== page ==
Have you ever tried to find a bug in a multi-layered architecture? Although this might sound like a simple enough task, it can quickly become a…
Distributed tracing is the ability to follow a request through a software system from beginning to end. While that may sound trivial, a single request can easily spawn multiple child requests to different microservices with modern distributed architectures. These, in turn, trigger further sub-requests, resulting in a complex web of transactions to service a single originating request.
While each microservice can generate logs for the specific transactions they handle, those logs don’t describe the entire flow of a request. Piecing transactions together manually is a labor-intensive process.
This is where distributed tracing comes in: by propagating identifiers to each child request (or “span”), tracing allows you to join the dots between transactions and map the entire chain of events. When you’re debugging a complex issue or looking for the source of a performance bottleneck in a distributed microservice-based architecture, distributed tracing provides the insights that logs and the metrics on their own cannot.
In response to the growth in popularity of microservice architectures, several distributed tracing tools have been developed, of which Jaeger is one. Jaeger distributed tracing is an open-source distributed tracing platform that allows you to collect, aggregate, and analyze trace data from software systems.
Initially developed in 2015 by ride-share giant, Uber, Jaeger was adopted by the Cloud Native Computing Foundation (CNCF) in 2017. Two years later, the project was promoted from incubation to graduated status, reflecting its maturity as an established, widely used, and well-documented platform.
As you might expect from a CNCF project, Jaeger is designed for cloud-hosted, containerized, microservice-based systems. It consists of the following elements:
When implementing jaeger distributed tracing, there are various considerations to bear in mind.
The first step towards distributed tracing is to instrument your application code. While this involves some initial effort, it’s an investment that renders your system more observable. The result is that you can later answer questions that you didn’t know you would want to ask. To facilitate the adoption of distributed tracing and avoid vendor lock-in, the industry has centered on an open standard for tracing instrumentation: OpenTelemetry.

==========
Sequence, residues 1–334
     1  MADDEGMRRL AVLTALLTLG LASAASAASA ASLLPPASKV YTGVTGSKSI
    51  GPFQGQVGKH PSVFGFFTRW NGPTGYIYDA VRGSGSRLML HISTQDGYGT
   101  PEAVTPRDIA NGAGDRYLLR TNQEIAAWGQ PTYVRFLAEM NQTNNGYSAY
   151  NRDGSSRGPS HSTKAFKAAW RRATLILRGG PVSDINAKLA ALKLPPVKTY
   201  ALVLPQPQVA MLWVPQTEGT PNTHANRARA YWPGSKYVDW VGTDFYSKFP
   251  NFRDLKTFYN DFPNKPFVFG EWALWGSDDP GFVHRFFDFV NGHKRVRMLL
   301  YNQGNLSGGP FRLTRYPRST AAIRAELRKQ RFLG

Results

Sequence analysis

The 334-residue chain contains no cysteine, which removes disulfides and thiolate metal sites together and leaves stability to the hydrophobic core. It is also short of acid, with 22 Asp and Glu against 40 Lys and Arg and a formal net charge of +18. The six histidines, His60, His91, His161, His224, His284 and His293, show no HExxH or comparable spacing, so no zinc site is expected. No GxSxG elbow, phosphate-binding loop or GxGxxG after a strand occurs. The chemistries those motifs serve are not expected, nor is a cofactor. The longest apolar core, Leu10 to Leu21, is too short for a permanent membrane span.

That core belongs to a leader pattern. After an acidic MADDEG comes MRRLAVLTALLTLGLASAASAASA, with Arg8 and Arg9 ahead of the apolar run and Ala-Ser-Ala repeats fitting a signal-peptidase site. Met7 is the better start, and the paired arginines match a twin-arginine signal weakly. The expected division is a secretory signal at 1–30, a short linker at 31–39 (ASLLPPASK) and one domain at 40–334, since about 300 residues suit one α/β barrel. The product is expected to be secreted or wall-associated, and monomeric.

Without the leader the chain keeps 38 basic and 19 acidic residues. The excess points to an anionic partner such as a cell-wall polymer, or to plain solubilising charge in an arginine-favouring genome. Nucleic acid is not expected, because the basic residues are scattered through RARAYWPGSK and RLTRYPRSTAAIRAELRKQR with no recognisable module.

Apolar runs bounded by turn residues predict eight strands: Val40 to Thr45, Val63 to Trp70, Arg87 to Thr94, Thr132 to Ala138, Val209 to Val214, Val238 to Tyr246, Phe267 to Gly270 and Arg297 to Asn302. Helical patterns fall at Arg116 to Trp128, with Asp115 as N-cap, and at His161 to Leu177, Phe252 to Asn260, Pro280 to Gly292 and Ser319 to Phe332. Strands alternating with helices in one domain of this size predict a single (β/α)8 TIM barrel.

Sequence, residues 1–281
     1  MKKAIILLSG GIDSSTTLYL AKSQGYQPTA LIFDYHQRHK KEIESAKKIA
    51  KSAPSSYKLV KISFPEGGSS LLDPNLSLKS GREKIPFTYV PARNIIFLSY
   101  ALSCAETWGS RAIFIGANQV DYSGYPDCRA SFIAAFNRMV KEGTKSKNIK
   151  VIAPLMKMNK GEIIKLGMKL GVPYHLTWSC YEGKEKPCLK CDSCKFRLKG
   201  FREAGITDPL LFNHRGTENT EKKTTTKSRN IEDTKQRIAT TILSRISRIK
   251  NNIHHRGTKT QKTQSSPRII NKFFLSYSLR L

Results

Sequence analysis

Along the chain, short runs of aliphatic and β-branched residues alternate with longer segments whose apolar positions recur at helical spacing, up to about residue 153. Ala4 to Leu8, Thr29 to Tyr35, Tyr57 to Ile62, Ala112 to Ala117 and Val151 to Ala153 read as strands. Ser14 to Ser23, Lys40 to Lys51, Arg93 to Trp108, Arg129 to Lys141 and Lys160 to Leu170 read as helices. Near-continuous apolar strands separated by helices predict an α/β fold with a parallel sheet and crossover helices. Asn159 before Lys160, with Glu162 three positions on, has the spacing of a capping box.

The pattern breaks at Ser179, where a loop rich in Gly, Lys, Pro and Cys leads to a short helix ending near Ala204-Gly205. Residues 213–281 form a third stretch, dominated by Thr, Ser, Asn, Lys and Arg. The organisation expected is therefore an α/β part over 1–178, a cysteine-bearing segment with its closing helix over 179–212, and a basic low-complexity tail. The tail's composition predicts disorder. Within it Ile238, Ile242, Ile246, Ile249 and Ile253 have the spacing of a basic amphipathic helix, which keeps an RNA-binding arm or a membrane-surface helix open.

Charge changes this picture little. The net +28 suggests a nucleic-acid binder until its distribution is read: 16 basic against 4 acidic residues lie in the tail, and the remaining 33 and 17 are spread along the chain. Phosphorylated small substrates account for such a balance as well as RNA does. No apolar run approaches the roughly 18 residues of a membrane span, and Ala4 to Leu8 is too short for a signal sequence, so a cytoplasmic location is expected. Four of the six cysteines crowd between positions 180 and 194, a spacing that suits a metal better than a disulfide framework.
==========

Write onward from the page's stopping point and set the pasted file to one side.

Jaeger added native support for OpenTelemetry in 2022, meaning that if you’ve instrumented your application code using the OpenTelemetry Protocol (OTLP) API or SDKs, you can now send traces directly to the Jaeger collector. The Jaeger client libraries have been deprecated, so for new implementations, it’s best to use OpenTelemetry for instrumentation. Using this open standard also allows you to move to other tracing solutions without having to re-instrument your application code first.
Jaeger ships with an all-in-one deployment option, with the agent, collector, and query service in a single container image. However, as this design offers no resilience in the event of the node failing, it’s only suitable for proof-of-concept and demo implementations.
You’ll need to implement multiple collectors to provide resilience and scale for production deployments. This is where it’s beneficial to use the agent for service discovery. You can then send data directly to the storage backend or stream it via Kafka.
If you’re using Kubernetes to orchestrate a containerized deployment, it’s relatively straightforward to add distributed tracing to your K8s cluster using the Jaeger operator. The Jaeger agent is deployed as a sidecar in each pod. You can specify whether to write traces directly to the database from the collector (production strategy) or stream them via Kafka (streaming strategy).
Jaeger distributed tracing can add considerable overhead to your application, as trace identifiers are propagated to each sub-request, and the data from each span is then processed and written to storage. Sampling rates reduce processing and storage costs while still collecting a representative sub-set of trace data.
With Jaeger, sampling can either be configured on the client as part of the instrumentation logic or defined centrally and propagated to clients via the agent. The advantage of remote sampling is that you can apply sampling rates consistently across the system and update them easily.
Jaeger distributed tracing supports two forms of remote sampling: file-based and adaptive. With the former, you define sampling rates for each service or operation explicitly using either probability or rate-limiting. With adaptive sampling, Jaeger adjusts the sampling rate dynamically to meet a pre-determined target tracing rate, meaning it can adjust to changes in traffic.
Jaeger is a cloud-native distributed tracing platform designed to address the challenges of building observability into microservice-based systems. It offers native Kubernetes support via the Kubernetes operator, while support for OpenTelemetry ensures the flexibility to move to other tracing solutions without having to re-instrument your application code.